(Incidentally, President Obama seems to have made no promises about keeping unemployment below that 8% number.  Despite what Mitt Romney, Eric Cantor and other serial liars have said.  I could find no such promises and, for what it is worth, neither did Politifact.)

Point 3: Despite being designed for a smaller downturn, ARRA was very effective

When compared with the jobs creation numbers of previous presidents, the private sector grew faster in the first three years of the Obama administration than it did in three of the previous five administrations — the exception being Bill Clinton’s administrations, when private sector growth was more rapid. In both of George W. Bush’s terms as well as in the first three years of the George H. W. Bush administration, though, the private sector grew more slowly. (link)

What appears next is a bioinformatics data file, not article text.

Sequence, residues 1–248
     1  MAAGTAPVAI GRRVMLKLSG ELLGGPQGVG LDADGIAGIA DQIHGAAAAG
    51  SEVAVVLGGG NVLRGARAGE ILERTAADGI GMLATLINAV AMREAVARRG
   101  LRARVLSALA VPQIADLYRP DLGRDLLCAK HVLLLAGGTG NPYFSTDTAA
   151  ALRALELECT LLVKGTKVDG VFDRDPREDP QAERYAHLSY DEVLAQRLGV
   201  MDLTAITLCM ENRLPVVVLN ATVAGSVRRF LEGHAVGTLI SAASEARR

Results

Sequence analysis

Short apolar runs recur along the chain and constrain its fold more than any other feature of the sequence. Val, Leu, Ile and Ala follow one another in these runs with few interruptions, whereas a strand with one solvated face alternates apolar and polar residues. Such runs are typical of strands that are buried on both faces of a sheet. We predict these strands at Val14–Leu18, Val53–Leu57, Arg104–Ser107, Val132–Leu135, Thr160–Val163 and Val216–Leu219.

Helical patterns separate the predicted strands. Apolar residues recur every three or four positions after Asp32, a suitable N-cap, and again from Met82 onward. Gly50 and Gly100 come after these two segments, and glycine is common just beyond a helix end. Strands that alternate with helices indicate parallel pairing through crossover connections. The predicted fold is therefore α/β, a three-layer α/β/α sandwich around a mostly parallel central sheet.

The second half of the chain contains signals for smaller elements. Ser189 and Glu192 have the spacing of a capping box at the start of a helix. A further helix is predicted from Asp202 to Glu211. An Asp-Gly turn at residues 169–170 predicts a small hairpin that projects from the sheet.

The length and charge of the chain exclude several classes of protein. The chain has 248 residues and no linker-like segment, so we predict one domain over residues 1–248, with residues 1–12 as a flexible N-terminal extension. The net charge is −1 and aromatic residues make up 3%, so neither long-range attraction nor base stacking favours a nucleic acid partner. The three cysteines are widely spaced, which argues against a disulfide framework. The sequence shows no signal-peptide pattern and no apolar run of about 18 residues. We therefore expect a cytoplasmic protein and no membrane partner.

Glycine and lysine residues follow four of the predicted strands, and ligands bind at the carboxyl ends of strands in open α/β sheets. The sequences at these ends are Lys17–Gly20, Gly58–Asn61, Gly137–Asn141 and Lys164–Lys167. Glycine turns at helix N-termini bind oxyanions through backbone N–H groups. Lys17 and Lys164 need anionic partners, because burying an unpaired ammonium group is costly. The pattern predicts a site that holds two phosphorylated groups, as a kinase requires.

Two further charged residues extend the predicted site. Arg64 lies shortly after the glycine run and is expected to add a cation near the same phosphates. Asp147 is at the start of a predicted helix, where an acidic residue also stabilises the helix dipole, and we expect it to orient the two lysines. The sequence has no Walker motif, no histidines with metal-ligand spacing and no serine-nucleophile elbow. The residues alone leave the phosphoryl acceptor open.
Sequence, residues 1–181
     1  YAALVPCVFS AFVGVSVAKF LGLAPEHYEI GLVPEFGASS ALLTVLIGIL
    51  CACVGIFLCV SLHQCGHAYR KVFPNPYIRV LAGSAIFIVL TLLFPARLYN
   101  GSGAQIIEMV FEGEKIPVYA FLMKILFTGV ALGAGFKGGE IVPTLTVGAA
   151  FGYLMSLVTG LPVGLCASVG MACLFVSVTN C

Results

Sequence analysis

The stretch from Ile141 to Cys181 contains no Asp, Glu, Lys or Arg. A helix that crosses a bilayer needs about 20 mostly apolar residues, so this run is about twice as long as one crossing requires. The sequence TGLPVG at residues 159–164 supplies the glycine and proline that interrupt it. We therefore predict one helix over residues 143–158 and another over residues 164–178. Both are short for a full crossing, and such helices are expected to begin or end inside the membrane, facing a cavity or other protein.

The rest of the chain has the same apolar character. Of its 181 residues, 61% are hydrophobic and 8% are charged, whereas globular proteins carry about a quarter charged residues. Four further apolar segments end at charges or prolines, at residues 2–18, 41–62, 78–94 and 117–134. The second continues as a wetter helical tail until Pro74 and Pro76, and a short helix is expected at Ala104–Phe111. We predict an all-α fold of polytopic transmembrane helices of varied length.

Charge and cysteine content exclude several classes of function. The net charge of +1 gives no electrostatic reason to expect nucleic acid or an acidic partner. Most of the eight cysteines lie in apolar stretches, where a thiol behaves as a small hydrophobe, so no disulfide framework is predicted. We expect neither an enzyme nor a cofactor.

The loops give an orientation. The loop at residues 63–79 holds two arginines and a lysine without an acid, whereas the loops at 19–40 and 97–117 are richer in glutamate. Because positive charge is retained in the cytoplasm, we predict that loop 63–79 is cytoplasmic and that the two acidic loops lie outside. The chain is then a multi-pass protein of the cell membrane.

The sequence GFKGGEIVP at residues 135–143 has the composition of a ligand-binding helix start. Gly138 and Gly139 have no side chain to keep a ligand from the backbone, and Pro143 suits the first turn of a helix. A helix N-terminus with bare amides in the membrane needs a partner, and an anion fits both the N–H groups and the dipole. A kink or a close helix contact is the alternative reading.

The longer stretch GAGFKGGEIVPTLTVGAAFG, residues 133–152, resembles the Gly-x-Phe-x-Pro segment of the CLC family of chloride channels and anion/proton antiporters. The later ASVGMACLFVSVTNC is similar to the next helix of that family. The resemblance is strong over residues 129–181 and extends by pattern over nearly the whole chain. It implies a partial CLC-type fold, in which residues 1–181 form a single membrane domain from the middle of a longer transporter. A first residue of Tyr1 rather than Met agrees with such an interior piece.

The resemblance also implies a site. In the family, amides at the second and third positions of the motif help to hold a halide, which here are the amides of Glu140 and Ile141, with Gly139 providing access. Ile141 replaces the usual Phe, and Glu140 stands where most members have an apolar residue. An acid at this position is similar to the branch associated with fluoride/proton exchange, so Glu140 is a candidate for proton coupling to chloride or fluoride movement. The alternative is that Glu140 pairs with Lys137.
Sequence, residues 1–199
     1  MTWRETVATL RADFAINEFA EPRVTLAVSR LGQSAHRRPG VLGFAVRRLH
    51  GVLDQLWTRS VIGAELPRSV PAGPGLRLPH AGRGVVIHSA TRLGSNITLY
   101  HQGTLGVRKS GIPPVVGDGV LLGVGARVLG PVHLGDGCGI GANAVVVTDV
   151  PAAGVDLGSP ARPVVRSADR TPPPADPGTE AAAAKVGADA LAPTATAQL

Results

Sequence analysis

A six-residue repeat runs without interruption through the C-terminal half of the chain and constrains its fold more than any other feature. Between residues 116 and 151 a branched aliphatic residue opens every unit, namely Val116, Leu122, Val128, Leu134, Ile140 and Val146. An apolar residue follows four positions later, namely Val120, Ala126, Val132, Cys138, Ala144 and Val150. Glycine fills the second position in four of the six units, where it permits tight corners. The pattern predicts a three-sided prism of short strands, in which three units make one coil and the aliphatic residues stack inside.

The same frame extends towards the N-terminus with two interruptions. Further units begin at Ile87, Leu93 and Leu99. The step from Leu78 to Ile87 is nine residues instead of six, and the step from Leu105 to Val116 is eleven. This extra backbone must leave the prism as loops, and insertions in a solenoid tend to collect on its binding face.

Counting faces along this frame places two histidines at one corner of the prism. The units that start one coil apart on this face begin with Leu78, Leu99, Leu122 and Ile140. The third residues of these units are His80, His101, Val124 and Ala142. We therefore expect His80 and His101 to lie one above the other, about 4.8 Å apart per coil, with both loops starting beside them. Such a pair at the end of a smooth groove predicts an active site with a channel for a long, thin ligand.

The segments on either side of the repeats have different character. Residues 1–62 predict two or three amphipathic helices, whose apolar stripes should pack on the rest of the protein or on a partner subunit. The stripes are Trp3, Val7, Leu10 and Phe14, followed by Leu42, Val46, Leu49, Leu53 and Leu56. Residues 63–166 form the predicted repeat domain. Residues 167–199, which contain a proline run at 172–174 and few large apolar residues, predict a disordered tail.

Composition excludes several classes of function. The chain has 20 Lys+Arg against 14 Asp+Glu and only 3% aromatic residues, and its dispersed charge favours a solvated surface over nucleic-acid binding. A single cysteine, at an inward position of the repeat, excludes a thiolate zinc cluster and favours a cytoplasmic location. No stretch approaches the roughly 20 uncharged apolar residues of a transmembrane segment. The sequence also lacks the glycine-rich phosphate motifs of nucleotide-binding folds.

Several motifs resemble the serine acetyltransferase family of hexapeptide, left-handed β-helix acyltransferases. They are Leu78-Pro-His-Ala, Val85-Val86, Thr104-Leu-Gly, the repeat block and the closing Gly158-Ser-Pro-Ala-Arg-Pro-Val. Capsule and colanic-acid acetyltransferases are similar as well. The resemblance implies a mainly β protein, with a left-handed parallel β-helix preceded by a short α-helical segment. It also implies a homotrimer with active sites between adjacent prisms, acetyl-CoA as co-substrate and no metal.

One graph not included in Perr's diary is this one from the Center on Budget and Policy Priorities (link) showing the difference between the actual unemployment numbers and what they might have been under the best and worst scenarios without ARRA:


It is within the realm of possibility that the unemployment number would have gone up almost to 12% without ARRA.  That's a big difference between what might have happened and what did happen with ARRA.  But the almost immediate effect of ARRA on the number of initial unemployment claims is even more striking.  Steve Benen at the Maddowblog has this graph showing the effect of the stimulus on initial unemployment claims:


Alternet's response to President Clinton's convention speech included a systematic comparison between Democratic presidents and Republicans and found that President Obama's manufacturing growth is better than all but one of the last nine Republican Presidential terms.  Of all nine Republican terms going back to Eisenhower, only Reagan's second term was better: